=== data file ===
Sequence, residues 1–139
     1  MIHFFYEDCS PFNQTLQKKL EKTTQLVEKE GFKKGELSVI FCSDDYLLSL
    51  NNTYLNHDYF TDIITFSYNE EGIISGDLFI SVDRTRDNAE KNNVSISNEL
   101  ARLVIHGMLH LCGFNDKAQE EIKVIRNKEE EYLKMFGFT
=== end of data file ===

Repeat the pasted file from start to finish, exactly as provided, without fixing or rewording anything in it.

Sequence, residues 1–139
     1  MIHFFYEDCS PFNQTLQKKL EKTTQLVEKE GFKKGELSVI FCSDDYLLSL
    51  NNTYLNHDYF TDIITFSYNE EGIISGDLFI SVDRTRDNAE KNNVSISNEL
   101  ARLVIHGMLH LCGFNDKAQE EIKVIRNKEE EYLKMFGFT